Gr 1-3 - Stink Moody, Judy's little brother, is sure he can win the Super-Stinky Sneaker Contest because he has such a supersensitive nose. When his class goes to the Gross-Me-Out exhibit at the science museum, the second grader is able to identify every smell in the Everybody Stinks exhibit, from bad breath to "B.O." This ability really impresses his classmates. He becomes "Mr. Nose-it-all," and he hopes one day to smell a corpse flower, which has the worst odor in the entire world. When cancellation of the contest is threatened because one of the judges is sick, Stink's teacher comes up with a unique way to save the day, but it would mean that Stink would have to give up becoming a contestant. Stink is a delightful protagonist, comical and bright, and McDonald cleverly imparts information on smells. The characters ring true. The early chapter-book format is inviting, with lots of white space, occasional illustrations, and a vocabulary that stretches but doesn't strain young readers. A funny book worthy of being added to almost any collection.-Elaine Lesh Morgan, Multnomah County Library, Portland, ORCopyright 2007 Reed Business Information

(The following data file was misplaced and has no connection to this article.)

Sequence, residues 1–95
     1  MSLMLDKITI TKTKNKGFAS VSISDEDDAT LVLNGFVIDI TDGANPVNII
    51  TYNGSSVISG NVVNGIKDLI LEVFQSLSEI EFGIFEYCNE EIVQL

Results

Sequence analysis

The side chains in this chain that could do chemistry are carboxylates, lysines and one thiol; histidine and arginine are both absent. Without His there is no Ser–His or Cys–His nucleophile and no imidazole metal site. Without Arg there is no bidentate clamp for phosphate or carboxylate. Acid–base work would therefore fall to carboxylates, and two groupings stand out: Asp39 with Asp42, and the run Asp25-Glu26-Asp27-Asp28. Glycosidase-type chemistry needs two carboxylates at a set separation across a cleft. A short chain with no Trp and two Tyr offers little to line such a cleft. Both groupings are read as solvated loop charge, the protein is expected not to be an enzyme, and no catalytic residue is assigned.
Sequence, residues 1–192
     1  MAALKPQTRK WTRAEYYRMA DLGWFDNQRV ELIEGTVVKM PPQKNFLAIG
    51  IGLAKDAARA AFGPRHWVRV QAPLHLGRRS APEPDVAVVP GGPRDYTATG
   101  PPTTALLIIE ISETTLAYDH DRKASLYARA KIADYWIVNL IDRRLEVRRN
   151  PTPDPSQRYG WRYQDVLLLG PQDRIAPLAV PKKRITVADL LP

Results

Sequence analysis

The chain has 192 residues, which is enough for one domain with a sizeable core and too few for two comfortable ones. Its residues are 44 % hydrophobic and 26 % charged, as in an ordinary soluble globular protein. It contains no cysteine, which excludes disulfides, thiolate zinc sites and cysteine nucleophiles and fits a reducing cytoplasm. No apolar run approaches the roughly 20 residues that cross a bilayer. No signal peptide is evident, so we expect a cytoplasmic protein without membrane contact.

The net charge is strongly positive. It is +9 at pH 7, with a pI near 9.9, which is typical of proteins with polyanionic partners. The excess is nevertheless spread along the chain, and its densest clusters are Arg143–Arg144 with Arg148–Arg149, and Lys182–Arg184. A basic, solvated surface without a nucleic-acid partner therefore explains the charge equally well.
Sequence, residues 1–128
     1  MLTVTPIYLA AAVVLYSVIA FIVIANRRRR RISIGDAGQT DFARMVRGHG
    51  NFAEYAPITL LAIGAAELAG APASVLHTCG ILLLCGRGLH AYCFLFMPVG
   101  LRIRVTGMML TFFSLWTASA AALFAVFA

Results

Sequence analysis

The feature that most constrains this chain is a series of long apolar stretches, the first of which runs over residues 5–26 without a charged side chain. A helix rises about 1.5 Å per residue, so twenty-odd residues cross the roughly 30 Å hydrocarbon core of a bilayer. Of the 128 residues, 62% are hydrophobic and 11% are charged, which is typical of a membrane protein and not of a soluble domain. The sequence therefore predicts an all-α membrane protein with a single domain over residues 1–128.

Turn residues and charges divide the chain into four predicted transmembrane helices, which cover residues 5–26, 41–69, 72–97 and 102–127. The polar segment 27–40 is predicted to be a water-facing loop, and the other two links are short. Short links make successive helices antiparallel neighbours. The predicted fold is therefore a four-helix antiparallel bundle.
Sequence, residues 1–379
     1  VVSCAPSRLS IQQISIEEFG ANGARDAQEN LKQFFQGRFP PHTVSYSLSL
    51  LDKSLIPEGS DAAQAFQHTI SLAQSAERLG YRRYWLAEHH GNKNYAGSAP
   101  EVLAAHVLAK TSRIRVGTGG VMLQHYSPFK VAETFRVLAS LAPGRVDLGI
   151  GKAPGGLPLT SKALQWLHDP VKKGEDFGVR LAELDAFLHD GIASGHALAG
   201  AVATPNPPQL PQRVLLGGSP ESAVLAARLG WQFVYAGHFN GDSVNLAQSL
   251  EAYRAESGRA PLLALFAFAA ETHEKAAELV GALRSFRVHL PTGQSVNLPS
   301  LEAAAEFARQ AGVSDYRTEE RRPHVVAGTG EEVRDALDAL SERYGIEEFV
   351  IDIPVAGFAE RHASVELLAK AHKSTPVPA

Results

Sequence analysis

Fans of Judy Moody's second-grade brother will be delighted by this third edition of his adventures, featuring familiar characters and plenty of new information about toilet water, corpse flowers and other smelly substances, as well as a surprising career opportunity.
Appealing artwork adds to this humorous chapter book’s, uh, charm.
Another enjoyable book in the Stink series…As always, author Megan McDonald manages to tickle readers' funny bones, slip in a little subtle education and tell a good story.
Now in his third solo adventure…the hero finds that he has a nose that lives up to his name.
—Publishers Weekly “Children’s Notes”
Stink is a delightful protagonist, comical and bright, and McDonald cleverly imparts information on smells…A funny book worthy of being added to almost any collection.
—School Library Journal
Readers of early chapter books, rejoice! Stink is back.
This series is beyond review.
—Washington Post Book World
This may be just the thing to get a non-reader interested in tackling a novel.